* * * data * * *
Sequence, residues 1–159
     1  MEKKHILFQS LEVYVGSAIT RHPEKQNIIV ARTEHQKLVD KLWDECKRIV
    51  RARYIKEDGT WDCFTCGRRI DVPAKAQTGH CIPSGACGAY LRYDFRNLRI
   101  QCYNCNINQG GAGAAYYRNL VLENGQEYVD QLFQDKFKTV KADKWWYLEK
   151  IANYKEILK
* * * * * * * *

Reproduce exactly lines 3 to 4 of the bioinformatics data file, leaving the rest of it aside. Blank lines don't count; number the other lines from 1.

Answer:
    51  RARYIKEDGT WDCFTCGRRI DVPAKAQTGH CIPSGACGAY LRYDFRNLRI
   101  QCYNCNINQG GAGAAYYRNL VLENGQEYVD QLFQDKFKTV KADKWWYLEK